Judicial and Bar Council

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Seal of the Judicial and Bar Council (JBC)

The Judicial and Bar Council (JBC; Filipino: Sangguniang Panghukuman at Pang-abogasya) of the Philippines is a constitutionally-created body that recommends appointees for vacancies that may arise in the composition of the Supreme Court, other lower courts, and the Legal Education Board, and in the offices of the Ombudsman, Deputy Ombudsman and the Special Prosecutor.

History

The Supreme Court and other lower courts in the Philippines were established upon the basis of Act No .136 of 1901 of the Philippine Commission. This succeeded the Real Audiencas and lower courts during the Spanish era. At this time, the Supreme Court was appointed by the Philippine Commission. With the approval of the Jones Law in 1916, the justices of the Supreme Court were appointed by the President of the United States, with advice and consent of the United States Senate. Judges of lower courts were then appointed by the Governor-General.

Upon the ratification of the 1935 constitution, all justices and judges are appointed by the President of the Philippines with consent of the 21-member Commission on Appointments of the National Assembly of the Philippines. Upon the reestablishment of bicameralism, the Commission on Appointments then had equal number of members (12) from the House of Representatives and Senate. This became the setup until the approval of the 1973 constitution, where the president had the sole power of appointment, with no check and balance from the Batasang Pambansa. With the approval of the 1987 constitution, the Judicial and Bar Council was created to provide a shortlist of nominees on which the president can appoint from.

Composition

The Council is composed of a representative of the Integrated Bar, a professor of law, a retired member of the Supreme Court, and a representative of the private sector. They are the "regular" members, as opposed to the Secretary of Justice and a representative of Congress who are the ex officio members. The Chief Justice of the Supreme Court is the ex officio chairman,[1] while the Clerk of the Supreme Court shall serve as the ex officio secretary.[2]

The regular members would be nominated by the President with the consent of the Commission on Appointments for a term of four years. However, since the terms will be staggered, the first set of members would a different lengths of service: the representative of the Integrated Bar shall serve for four years, the professor of law for three years, the retired Justice for two years, and the representative of the private sector for one year.[3] The succeeding members shall then be given the full four-year term.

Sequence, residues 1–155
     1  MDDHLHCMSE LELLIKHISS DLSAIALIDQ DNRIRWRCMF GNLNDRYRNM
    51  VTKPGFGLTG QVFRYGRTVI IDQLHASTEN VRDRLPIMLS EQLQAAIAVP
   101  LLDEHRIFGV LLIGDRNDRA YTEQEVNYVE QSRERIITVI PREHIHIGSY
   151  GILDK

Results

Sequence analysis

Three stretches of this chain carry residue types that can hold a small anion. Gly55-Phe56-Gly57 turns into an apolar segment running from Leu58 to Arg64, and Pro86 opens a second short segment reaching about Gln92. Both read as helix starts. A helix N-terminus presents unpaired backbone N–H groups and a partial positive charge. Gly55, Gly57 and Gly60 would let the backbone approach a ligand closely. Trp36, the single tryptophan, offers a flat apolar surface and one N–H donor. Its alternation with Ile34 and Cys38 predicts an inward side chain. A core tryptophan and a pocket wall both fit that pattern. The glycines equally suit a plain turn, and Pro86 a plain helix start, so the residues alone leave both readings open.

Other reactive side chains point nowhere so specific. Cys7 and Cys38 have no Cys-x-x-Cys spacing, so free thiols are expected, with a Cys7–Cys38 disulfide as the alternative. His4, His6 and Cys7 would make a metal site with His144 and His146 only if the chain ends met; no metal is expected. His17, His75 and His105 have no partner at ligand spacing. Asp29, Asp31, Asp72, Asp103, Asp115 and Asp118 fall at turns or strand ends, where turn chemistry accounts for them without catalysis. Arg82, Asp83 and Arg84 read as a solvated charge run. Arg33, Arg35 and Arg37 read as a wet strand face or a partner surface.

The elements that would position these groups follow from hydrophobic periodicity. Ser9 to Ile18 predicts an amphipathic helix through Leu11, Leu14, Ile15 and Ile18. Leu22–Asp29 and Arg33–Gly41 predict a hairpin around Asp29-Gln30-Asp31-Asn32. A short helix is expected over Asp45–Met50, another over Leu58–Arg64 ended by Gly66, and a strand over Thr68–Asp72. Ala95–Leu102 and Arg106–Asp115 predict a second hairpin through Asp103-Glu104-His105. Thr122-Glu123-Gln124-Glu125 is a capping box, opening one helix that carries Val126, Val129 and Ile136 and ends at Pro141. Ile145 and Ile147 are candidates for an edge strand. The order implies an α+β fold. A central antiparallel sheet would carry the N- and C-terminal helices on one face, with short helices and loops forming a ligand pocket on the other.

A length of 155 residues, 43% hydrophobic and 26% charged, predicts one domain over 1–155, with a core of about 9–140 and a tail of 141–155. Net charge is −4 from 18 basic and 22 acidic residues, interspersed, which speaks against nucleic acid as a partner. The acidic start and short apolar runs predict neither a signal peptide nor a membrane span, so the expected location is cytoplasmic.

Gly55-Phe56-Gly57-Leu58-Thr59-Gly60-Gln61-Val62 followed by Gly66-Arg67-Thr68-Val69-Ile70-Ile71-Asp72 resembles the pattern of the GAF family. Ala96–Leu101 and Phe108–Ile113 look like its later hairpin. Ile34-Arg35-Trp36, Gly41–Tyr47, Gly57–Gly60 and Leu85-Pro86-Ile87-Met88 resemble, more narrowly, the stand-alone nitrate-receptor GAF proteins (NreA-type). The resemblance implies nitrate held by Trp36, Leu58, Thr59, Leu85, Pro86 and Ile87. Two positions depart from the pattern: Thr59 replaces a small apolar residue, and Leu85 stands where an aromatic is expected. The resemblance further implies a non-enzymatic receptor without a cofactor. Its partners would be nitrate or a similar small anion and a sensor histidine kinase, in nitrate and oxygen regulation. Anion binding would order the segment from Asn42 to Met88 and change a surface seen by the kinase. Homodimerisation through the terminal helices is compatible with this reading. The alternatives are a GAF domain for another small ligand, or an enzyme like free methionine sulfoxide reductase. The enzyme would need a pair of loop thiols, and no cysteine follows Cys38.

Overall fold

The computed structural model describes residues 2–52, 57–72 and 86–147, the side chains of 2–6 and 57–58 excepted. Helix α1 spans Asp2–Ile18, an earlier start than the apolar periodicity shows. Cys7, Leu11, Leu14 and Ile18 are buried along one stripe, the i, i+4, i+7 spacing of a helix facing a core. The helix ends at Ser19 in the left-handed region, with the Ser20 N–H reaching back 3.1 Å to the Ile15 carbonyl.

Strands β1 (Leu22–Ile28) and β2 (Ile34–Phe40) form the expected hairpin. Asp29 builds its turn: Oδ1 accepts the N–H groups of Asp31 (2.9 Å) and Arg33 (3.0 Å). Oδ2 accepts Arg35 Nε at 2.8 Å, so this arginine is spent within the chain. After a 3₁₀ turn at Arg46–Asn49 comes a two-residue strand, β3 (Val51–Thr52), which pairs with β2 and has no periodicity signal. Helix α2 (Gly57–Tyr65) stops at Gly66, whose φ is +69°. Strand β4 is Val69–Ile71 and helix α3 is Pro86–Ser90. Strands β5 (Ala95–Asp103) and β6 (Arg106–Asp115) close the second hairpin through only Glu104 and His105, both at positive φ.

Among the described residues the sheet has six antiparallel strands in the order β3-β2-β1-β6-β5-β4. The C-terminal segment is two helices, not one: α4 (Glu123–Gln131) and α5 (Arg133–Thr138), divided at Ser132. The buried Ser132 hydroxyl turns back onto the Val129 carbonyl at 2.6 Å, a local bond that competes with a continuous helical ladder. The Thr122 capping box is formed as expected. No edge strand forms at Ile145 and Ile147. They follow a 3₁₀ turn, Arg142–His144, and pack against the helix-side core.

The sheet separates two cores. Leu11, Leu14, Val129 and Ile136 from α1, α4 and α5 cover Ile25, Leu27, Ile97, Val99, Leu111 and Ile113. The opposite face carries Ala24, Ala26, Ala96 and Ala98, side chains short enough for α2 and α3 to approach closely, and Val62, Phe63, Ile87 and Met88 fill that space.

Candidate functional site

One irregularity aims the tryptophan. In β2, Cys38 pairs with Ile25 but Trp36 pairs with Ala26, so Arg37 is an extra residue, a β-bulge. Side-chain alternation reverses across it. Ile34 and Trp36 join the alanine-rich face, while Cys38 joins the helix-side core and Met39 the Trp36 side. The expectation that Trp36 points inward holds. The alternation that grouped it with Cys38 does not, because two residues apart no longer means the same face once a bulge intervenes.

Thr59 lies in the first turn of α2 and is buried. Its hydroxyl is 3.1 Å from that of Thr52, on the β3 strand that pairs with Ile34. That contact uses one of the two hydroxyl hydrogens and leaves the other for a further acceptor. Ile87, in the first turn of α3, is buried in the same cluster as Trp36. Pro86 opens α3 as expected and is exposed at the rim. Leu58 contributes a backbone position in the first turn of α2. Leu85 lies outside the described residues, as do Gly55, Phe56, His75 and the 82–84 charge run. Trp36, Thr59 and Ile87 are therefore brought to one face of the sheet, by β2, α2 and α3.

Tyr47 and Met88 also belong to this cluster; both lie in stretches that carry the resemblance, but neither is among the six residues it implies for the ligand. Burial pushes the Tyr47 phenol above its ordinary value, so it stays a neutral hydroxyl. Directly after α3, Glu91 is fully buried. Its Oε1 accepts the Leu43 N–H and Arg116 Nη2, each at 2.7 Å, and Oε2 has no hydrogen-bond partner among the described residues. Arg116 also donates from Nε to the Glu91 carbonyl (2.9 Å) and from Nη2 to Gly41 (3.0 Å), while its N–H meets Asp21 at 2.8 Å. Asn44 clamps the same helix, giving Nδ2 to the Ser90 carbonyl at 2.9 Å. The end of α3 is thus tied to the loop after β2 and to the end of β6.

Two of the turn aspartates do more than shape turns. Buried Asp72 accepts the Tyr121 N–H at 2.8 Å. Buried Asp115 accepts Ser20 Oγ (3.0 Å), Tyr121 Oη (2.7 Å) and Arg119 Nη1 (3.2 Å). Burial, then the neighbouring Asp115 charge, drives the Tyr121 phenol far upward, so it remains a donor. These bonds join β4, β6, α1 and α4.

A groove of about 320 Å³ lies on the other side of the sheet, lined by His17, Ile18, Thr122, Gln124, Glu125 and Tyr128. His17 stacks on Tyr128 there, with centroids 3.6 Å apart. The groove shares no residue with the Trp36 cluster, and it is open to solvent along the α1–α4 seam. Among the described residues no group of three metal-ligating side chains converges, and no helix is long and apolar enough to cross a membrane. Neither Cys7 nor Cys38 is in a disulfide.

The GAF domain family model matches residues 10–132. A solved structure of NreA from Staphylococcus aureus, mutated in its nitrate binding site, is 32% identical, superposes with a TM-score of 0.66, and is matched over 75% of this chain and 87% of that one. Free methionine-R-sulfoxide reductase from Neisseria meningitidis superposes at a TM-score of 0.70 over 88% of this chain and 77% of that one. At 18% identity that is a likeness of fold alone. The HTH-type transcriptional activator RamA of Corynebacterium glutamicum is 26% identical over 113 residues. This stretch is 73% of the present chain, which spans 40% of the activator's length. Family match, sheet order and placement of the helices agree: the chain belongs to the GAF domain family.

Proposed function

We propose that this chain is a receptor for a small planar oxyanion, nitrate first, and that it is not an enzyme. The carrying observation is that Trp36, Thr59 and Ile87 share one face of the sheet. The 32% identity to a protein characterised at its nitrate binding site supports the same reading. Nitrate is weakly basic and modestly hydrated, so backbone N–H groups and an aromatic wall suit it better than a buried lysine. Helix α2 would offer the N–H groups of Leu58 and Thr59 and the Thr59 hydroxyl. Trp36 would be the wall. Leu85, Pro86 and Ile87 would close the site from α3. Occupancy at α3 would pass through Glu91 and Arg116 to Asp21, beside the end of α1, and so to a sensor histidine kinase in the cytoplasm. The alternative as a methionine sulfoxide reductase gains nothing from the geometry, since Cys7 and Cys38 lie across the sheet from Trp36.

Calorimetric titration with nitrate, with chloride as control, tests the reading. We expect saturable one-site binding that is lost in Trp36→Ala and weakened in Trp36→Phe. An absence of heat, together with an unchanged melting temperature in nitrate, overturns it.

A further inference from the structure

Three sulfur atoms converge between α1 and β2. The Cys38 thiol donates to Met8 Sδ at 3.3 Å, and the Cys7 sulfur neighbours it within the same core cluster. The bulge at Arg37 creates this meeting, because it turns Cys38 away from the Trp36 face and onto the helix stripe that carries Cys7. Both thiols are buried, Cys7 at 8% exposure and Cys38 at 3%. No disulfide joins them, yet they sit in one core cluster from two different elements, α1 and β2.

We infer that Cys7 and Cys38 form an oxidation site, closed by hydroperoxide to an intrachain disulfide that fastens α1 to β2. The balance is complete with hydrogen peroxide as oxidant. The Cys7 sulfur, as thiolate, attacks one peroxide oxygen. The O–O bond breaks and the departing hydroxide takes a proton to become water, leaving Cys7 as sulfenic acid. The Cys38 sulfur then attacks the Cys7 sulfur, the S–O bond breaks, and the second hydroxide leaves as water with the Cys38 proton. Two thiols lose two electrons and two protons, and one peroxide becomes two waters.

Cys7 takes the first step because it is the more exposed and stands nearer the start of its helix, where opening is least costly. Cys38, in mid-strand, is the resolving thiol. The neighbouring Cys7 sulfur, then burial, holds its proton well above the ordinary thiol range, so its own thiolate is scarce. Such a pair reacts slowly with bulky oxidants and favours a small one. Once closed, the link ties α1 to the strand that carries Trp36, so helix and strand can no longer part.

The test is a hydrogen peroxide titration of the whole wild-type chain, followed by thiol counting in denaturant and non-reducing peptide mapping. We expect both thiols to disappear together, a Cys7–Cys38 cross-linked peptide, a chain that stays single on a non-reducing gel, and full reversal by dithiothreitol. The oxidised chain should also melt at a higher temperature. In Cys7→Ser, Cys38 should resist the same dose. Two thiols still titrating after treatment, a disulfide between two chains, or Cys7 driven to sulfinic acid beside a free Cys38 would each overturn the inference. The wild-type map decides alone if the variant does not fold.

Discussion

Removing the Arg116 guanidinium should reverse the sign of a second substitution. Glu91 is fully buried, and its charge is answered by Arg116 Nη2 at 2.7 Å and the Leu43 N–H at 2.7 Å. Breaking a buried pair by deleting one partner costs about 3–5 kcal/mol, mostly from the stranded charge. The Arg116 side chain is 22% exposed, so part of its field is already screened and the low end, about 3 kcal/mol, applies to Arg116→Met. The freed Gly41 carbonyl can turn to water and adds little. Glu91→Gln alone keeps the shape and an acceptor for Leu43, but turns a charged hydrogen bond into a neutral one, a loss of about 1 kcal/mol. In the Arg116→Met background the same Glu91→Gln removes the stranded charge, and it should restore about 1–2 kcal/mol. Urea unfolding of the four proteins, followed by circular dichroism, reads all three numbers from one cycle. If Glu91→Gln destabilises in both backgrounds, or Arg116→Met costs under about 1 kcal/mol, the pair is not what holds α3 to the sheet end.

The Chief Justice is appointed by the president from the shortlist submitted by the JBC. The Secretary of Justice, as a member of the Cabinet, is appointed by the president with advice and consent of the Commission on Appointments. The member of Congress is elected by the chamber where the member came from.

The regular members were allowed to be reappointed without limit. The Secretary of Justice serves at the pleasure of the president, while the representative of Congress serves until they are recalled by their chamber, or until the term of Congress that named them expires. Finally, the Chief Justice serves until mandatory retirement at the age of 70. The regular members' terms start at July 9.

In 2012, a petition at the Supreme Court questioned on who should occupy the seat allocated for Congress. By then, there are two members of Congress in the council, with both having voting rights: the chairman of the House of Representatives Committee on Justice and the Chairman of the Senate Committee on Justice and Human Rights.[4] The Supreme Court ruled in 2013 that there should only be one member of the JBC from Congress; the court left to Congress whom among the two would be its representative to the JBC.[5]

The council is the only government body that has members from all three branches of the government, excluding ad hoc and advisory bodies.

Current membership

The members of the Judicial and Bar Council are:

Member Term started Term scheduled to end Representing Type Appointed by
1 Alexander Gesmundo April 5, 2021 November 6, 2026 Chief Justice Ex officio chairman Rodrigo Duterte
2 Menardo Guevarra April 5, 2018 Serves at president's pleasure Secretary of Justice Ex officio member Rodrigo Duterte
3 Richard J. Gordon* July 24, 2019 June 30, 2022 Congress Senate Ex officio member 18th Congress
Vicente Veloso* August 6, 2019 House of Representatives
4 Franklin Demonteverde August 2, 2019 July 9, 2023 Integrated Bar Regular member Rodrigo Duterte
5 Noel Tijam March 6, 2019 July 9, 2022 The academe Regular member Rodrigo Duterte
6 Jose C. Mendoza October 4, 2017 July 9, 2021 Retired justice of the Supreme Court Regular member Rodrigo Duterte
7 Toribio Ilao Jr. October 26, 2016 July 9, 2024 The private sector Regular member Rodrigo Duterte
  • Ex officio secretary: Atty. Marife M. Lomibao- Cuevas, as Clerk of the Supreme Court en banc, since March 26, 2021

*Under the current arrangement, the congressman sits from January to June, while the senator sits from July to December. Only one representative is to sit at any time.

As a matter of tradition, the two (2) senior associate justices of the Supreme Court also take part in the JBC deliberations.

Function

Entrance to the JBC offices

The function of the Council is to recommend to the representatives of possible appointees to the Judiciary.[6]

The president shall choose from among those nominated, before the president may ask the Council to nominate somebody else and add it to the list, but this is not allowed anymore. In 2009, President Gloria Macapagal Arroyo asked the council to add more nominees on two Supreme Court vacancies. The council rejected the request.[7] Arroyo then appointed someone from the list.[8]

The person then chosen by the president then becomes a member of the Judiciary, and is not anymore reviewed by the Commission on Appointments. This is to prevent politicking and horse-trading among political parties.

Former Chief Justice Artemio Panganiban said that the Council's principal objective is to attract the best and brightest to the judiciary and to make them remain there.

Offices shortlisted

Members

The JBC members in the Chief Justice of the Supreme Court of the Philippines Panel Interview

The members of the JBC were:[9]

Chief Justice

See also: Chief Justice of the Philippines

The Chief Justice became a member starting on December 10, 1987.